Matt Sharp smiling after finishing a race

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Interview With Matt Sharp

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October 4, 2017

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1. Firstly, congratulations on a new PB at Berlin marathon last weekend, in only your second attempt at the distance (from 2.17.45 in London to 2.16.02). Did the race go to plan?

Overall I was very happy with race, the conditions were far from ideal with high humidity and rain which lead to a very slippery road surface. The course itself lived up to expectation with amazing crowds lining the 42.2km and everything was perfectly organised in typical Germanic fashion. I chose to run with the 2.14 pace group and we hit the halfway point in 66.40. I was feeling good and in control at this point but after 30km the fatigue of the marathon caught up with me and my legs really started to pay the price! I lost time in the last 10km but was pleased to leave Berlin with a new PB and a great marathon experience against some of the very best in the world.

2. You were the World triathlon under 23 elite champion in 2011. Usually that would indicate the potential for a successful senior career in triathlon, so why the shift to running?

I decided to switch to distance running after suffering a badly broken collar bone and elbow during a training crash. This was the day after returning from a poor race in Yokohama, the last qualification race to make the Rio Olympic team. I decided I needed some time away from ITU triathlon racing and wanted a new challenge.

3. Do you still swim and bike to complement your run training? Will you do the odd triathlon or do you need to remain super focussed?

I still swim once a week and ride my bike daily but mainly for enjoyment and recovery purposes. I don’t think I would like to race a triathlon again without training a bit more on the bike as I have lost a lot of power on the bike and don’t like the idea of competing without preparing well!

4. What did your peak run week look like before Berlin?

I have always been very interested in marathon training, especially that of the east Africans. I have tried to mirror some of the sessions and the attitude they bring to workouts in my own training. I have spent some time training with a group in Ethiopia, and during my bigger weeks before Berlin I was running about 100miles per week with one speed session, one threshold/marathon session and one longer build run. I’ve been slowly building up my run volume since stopping triathlon as it is very easy to pick up overuse injuries when running high mileage coupled with big marathon workouts.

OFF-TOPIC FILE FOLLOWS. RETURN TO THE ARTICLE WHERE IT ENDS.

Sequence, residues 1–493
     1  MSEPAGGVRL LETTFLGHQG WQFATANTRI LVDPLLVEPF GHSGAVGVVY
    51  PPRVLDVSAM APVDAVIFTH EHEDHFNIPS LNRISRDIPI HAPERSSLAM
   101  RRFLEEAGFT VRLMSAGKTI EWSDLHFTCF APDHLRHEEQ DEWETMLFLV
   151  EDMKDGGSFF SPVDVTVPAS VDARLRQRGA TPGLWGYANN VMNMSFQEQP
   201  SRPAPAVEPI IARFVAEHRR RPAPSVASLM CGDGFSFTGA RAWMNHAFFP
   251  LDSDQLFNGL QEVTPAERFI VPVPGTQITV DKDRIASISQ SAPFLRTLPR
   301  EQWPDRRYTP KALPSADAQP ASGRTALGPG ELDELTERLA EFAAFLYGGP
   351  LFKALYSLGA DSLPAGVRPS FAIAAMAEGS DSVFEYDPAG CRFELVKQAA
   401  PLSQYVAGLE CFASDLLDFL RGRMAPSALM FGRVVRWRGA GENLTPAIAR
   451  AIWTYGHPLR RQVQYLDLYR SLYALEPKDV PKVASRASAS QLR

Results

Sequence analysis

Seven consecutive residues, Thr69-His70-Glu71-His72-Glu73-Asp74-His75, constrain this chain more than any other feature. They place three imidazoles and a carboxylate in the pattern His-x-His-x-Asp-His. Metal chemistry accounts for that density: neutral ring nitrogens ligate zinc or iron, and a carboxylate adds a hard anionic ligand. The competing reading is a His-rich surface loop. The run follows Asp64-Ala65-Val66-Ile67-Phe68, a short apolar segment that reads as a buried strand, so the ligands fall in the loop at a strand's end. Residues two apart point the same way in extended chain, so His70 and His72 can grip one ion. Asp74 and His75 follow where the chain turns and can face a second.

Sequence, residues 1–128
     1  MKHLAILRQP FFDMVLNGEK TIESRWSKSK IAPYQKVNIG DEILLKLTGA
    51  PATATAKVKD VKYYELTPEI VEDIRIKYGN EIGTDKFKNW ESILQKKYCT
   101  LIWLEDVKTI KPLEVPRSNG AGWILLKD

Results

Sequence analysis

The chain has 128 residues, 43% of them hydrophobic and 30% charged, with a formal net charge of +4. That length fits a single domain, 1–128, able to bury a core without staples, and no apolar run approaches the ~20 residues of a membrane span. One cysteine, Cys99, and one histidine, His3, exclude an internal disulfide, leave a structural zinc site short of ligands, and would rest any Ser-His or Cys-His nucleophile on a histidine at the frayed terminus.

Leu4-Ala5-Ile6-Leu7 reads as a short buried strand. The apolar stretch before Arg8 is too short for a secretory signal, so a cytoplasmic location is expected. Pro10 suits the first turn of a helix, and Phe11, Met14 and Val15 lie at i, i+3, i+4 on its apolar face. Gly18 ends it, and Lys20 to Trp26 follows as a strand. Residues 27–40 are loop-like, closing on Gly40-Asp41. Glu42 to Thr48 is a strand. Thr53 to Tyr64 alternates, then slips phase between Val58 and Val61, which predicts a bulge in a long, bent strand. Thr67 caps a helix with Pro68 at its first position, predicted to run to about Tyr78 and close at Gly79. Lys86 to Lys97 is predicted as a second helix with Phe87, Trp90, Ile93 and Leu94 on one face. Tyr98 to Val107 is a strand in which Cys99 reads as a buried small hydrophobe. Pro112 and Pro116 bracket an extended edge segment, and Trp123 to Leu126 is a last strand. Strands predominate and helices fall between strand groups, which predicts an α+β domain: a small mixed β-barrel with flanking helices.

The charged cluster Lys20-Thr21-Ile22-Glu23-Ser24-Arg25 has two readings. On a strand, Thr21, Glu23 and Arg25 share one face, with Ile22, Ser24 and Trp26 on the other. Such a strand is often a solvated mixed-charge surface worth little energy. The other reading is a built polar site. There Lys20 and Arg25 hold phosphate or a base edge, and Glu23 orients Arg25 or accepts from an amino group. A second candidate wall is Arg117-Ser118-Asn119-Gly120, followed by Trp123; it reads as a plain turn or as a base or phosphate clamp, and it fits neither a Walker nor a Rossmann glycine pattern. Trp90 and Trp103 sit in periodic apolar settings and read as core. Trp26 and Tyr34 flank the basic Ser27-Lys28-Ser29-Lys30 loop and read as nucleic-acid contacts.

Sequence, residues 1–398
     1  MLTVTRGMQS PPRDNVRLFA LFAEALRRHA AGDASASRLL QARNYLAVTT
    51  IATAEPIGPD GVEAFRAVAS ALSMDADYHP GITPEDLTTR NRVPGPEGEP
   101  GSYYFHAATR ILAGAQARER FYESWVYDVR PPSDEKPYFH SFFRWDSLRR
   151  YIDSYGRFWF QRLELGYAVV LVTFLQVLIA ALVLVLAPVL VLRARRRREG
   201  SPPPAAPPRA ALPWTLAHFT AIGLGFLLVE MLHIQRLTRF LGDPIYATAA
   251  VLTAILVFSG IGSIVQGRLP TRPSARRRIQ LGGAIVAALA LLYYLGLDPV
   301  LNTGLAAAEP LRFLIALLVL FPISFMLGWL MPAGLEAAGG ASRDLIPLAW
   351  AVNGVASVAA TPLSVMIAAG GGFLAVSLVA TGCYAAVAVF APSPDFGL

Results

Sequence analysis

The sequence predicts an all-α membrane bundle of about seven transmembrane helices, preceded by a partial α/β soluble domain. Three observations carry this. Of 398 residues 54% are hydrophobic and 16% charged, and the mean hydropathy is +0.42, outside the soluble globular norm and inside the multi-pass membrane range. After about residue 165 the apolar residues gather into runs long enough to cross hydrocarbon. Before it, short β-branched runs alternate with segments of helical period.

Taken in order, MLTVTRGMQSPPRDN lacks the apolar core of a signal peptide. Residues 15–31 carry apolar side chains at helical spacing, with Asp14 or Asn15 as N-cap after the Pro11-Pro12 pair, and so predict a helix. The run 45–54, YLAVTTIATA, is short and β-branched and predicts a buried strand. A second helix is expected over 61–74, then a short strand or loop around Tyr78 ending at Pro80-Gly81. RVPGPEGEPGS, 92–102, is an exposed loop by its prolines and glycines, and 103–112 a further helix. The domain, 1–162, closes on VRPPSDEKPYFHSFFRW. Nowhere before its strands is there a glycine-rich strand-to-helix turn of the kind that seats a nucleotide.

5. How long does it take you to recover from an all-out marathon and does that period involve complete rest or easy sessions?

I’m definitely still learning how much recovery to allow after a marathon race! I’ve spoken to a few other athletes and it is at least 2-3 weeks before you are back running fast. I take 7-10 days of very easy jogging after the race and try to swim a bit more, as it allows my body to actively recover without any load on the bones and connective tissues.

6. As running is notoriously a high-impact discipline, have you had to focus more on injury prevention?

I’m in the gym twice a week and always include weight training in my gym programme as I feel it makes a huge difference when it comes to injury prevention. I stretch a lot more than I used to do when training for triathlon and I think that really helps with good run form and also recovery when running hard day after day.

7. What’s your dream goal in the marathon?

My main goal is to run under 2.10 in the marathon. I feel I have a lot to improve on and am very new to running bigger volumes so I’m very excited to see how close I can get to this – I know it is a tough goal to set!

8. Is Ironman or ultramarathon on your radar in the future?

Currently I don’t have any ambition to race Ironman or ultra races but I would never write it off.

9. Are you supported by sponsors, and how have they helped you?

I’m very lucky to have the support from Forth Edge to help me monitor my fatigue levels and help to spot potential problems before they affect my performance. I’m supported by Asics for running kit and Affinity altitude for altitude simulation.

10. If you weren’t an athlete, what you be?

I was very close to joining the RAF a few years back as I have always wanted to be a pilot. Whether I would have made the cut or not I can’t say, but I would like to think that would have been my career if I wasn’t an athlete.

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